Heat, hills, humidity steep Starr in agony

May 15, 1991|By Sandra McKee | Sandra McKee,Evening Sun Staff

WINTERGREEN, Va. -- At the finish line, Tour Du Pont leader Atle Kvalsvoll was talking with reporters when Spago rider Oliver Starr collapsed from his bike, nearly at Kvalsvoll's feet.

Interviews with Kvalsvoll continued. Starr was on the groundgasping in pain.

Finally, a team trainer ran to his assistance. She rubbed hichest. She poured bottles of water over his head, his chest, his legs. She poured water down his gasping mouth.

"I had goosebumps the last hour," he told her. "Oh, God."

It was the end of Stage 6, a 112-mile race through Virginia's Blue Ridge Mountains in yesterday's 90-degree heat with matching humidity.

"I had a very bad problem with the heat," Starr said later. "I thought I was seeing God. My body simply shut down."

"It was just such a hot day," said Starr's teammate MarSouthard. "Water doesn't evaporate off your body and the pace over the last 50 miles was so fast, it was really difficult to go back to the [support] car for cold water. I think all of it got to Oliver. I know it got to me."

And that was only the beginning. Stage 7 today goes over somof these same hills on its 128-mile course to The Homestead in Hot Springs, Va. Tomorrow, Stage 8 is a 168-mile course on which the riders will have to scale Jacks Mountain (3,210 feet) and part of the Shenandoah range (3,700 feet). The cumulative effect is expected to be even worse.

An hour after yesterday's finish, Kvalsvoll had finished thwinner's interview. He said he had "felt bad" coming up the last three miles, the distance that included most of the final 1,901-foot climb. But Kvalsvoll really knew little about feeling bad.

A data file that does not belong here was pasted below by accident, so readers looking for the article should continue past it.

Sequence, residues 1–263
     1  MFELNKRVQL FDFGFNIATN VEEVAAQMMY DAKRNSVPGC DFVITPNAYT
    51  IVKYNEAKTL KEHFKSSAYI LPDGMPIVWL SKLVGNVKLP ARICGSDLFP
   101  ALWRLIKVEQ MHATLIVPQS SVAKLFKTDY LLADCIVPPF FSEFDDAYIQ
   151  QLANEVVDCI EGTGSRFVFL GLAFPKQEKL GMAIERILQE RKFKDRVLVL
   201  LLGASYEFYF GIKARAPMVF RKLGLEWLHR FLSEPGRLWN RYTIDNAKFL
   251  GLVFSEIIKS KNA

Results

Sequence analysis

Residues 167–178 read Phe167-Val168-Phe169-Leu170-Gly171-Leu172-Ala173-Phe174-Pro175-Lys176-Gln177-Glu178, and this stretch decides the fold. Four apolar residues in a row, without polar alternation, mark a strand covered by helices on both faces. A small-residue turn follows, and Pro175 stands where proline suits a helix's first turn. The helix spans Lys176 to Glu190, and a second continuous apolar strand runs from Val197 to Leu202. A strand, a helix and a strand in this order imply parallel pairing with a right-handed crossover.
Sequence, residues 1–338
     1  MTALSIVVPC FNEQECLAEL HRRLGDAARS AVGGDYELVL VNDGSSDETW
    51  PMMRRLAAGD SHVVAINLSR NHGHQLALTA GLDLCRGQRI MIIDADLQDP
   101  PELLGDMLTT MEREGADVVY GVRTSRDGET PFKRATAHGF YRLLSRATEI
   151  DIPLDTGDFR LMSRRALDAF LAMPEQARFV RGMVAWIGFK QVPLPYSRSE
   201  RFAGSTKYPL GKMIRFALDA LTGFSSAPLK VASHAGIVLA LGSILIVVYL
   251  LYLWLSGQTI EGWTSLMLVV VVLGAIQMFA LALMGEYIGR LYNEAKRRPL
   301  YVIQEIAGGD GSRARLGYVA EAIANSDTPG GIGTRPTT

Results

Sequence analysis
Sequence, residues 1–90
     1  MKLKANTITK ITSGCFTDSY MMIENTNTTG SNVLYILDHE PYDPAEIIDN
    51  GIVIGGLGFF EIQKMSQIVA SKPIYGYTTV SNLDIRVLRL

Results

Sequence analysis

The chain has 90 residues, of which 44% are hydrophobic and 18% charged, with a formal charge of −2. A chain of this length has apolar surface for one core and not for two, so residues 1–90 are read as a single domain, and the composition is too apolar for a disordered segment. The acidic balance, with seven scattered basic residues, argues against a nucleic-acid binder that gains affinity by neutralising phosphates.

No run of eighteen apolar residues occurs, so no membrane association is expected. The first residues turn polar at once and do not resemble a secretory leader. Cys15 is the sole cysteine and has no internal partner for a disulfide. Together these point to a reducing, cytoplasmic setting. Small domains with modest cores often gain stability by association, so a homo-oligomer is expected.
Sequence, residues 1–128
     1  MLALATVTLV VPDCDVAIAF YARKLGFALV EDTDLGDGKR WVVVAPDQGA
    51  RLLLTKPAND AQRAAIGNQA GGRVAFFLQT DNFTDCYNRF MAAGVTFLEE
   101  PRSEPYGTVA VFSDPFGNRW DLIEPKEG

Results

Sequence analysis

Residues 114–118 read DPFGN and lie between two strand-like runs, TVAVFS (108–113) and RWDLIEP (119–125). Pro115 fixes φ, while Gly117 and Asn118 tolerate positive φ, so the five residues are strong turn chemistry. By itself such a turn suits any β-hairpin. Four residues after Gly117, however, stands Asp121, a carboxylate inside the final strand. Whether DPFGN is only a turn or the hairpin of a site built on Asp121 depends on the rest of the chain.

Oliver Starr is the one who knew.

At the team's Wintergreen condominium last evening, he harecovered, or nearly so.

Starr finished 51st yesterday, 4:27 behind the winner. Budespite dropping nearly seven minutes behind in the overall standings (6:52), his determination to finish the race paid off. In the overall standings he climbed from 77th place to 56th.

"To be honest, it really wasn't the climb that got me," Starr said"I live in Boulder and I work out on a 2,000-foot climb over the same distance as this daily to get to my house. But the heat and the humidity here is a whole lot different from Boulder."

His body temperature shot up to nearly 103 degrees"Dehydrated and overheated, I became very inefficient," he said. "I guess I looked pretty awful too."

No one will argue. He did look awful, pale white beneath healthy tan.

Asked why he didn't quit on the course, Starr explained that'not what this game is about.

"If you stop on the course, you're finished," he said. "I was 5-[3.1 miles] from the end. You can make yourself do anything for 5-K. And good pros continue until they can't anymore. Good pros go to the end, and then they die."

He laughed just a little.

The weather conditions combined with a fast pace set bKvalsvoll's "Z" team had taken Starr out of his race.

"I'm still amazed at how fast Kvalsvoll went up that mountain,Starr said of the Z-man who finished in 5:09:43. "I've never been like I was [yesterday]. Never like that. I was really in bad shape."

Starr, 23, has been riding for 15 years. He's old enoughexperienced enough to know the warning signs. It was 90 degrees and he was freezing more than an hour before the finish.

"I had been drinking a lot of fluids," he said. "But the humiditwas deceptive to me. My body was coated with a sheet of water and I thought I'd be all right. I was so focused on this race. All my attention was on this stage as the beginning of the real race for me."

When the riders got to the foot of the steep climb, Starr wariding at the front, keeping pace with Kvalsvoll, Alexi Grewal and Erik Breukink.

"I think that was part of my problem," Starr said. "I didn't go amy own pace."

Did he plan to race today?

"I'll get checked out by the race doctors to make sure nothinunusual is going on," he said last night. "But I believe I'll race. I'm standing on my own two feet, I'm coherent enough to talk to you and I'm feeling pretty good. And who knows, depending on the split over the mountains tomorrow, I could pick up a couple minutes on my time."

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